Michael Ghislieri was a poor shepherd boy who entered the Dominicans at the age of fourteen, became a lecturer in philosophy and theology at Pavia, and very early became involved in the reform movement in the Church. His reforming labors brought him to the attention of other members of the reform movement, and he was given important positions in Como, Bergamo, and Rome. In 1556, he was consecrated bishop of Sutri and Nepi, and then to the diocese of Mondevi, lately ravaged by war. In a very short time, the diocese was flourishing and prosperous. His views on reform were often asked by the Holy Father, and he was noted for his boldness in expressing his views.
His holiness and austerity of life were notable, and he succeeded in bringing simplicity even into the papal household. He refused to wear the flowing garments of previous popes and insisted upon wearing his white Dominican habit even as head of the Church. To this day, the pope wears white, a custom begun by this Dominican pontiff.
The announced intention of St. Pius V was the carrying out of the decrees of the Council of Trent. He insisted that bishops reside in their diocese under pain of losing their revenues; he made a systematic reform of religious orders, established seminaries, held diocesan synods, and reformed the Breviary and Missal. He brought unity into divine worship, published catechisms, ordered a revision of the Latin Vulgate and revitalized the study of theology and canon law. During his pontificate, the Turks were definitively defeated at the battle of Lepanto, due, it was said, to the prayers of the pope.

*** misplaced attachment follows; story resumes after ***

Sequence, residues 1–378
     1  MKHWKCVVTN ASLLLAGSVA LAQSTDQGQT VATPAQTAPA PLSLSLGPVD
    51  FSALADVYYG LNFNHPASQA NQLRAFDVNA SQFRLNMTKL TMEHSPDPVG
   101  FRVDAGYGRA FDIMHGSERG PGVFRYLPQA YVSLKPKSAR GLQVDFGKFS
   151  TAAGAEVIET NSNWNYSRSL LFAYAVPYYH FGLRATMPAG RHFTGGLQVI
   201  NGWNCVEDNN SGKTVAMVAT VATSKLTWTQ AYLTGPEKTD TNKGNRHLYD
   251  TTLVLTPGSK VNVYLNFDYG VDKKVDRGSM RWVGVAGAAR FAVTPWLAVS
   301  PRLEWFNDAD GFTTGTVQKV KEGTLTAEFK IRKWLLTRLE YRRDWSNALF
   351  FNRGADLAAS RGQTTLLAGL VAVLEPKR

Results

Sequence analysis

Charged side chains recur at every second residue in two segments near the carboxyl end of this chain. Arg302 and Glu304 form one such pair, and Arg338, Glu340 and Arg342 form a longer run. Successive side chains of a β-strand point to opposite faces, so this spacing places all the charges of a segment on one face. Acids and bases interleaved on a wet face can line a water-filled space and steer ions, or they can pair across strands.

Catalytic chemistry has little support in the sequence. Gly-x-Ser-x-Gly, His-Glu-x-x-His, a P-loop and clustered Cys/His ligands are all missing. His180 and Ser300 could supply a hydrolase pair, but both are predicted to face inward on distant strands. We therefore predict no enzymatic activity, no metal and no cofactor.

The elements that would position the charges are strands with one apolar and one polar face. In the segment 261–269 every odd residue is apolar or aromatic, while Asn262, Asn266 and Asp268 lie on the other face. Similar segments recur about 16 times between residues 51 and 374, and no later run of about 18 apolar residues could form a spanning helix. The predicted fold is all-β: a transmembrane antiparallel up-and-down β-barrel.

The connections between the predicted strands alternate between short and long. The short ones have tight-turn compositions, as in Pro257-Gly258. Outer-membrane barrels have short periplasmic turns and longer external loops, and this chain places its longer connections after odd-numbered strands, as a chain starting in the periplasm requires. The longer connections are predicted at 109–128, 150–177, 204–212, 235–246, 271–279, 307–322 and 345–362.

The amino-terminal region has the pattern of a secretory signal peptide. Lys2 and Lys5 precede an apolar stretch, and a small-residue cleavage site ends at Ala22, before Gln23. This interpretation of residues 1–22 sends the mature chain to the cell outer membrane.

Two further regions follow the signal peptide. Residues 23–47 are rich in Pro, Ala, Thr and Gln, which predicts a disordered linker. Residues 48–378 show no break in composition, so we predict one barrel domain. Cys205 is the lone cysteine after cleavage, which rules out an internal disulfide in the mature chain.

Pius V died in 1572, at the age of sixty-eight, deeply grieved by the troubles besieging the whole Church. He was canonized by Pope Clement XI in 1712.
Patronage: in Italy: diocese of Alessandria; Bosco Marengo; Cattolica; Pennabilli
Highlights and Things to Do:
- Read more about St. Pius V:
- See Christian Iconography for images of Pius V.
- Read about the Council of Trent. Read the decrees issued by the Council or read the Canons on Justification with a summary of their teachings.
St. Marie de l'Incarnacion
Her name was originally Marie Guyard, born in Tours, France. At age 17 she entered into an arranged marriage and bore a son, Claude. Only two short years later her husband died. in January 1631 she asked her sister to care for her son Claude, and then joined the Ursulines at Tours, France.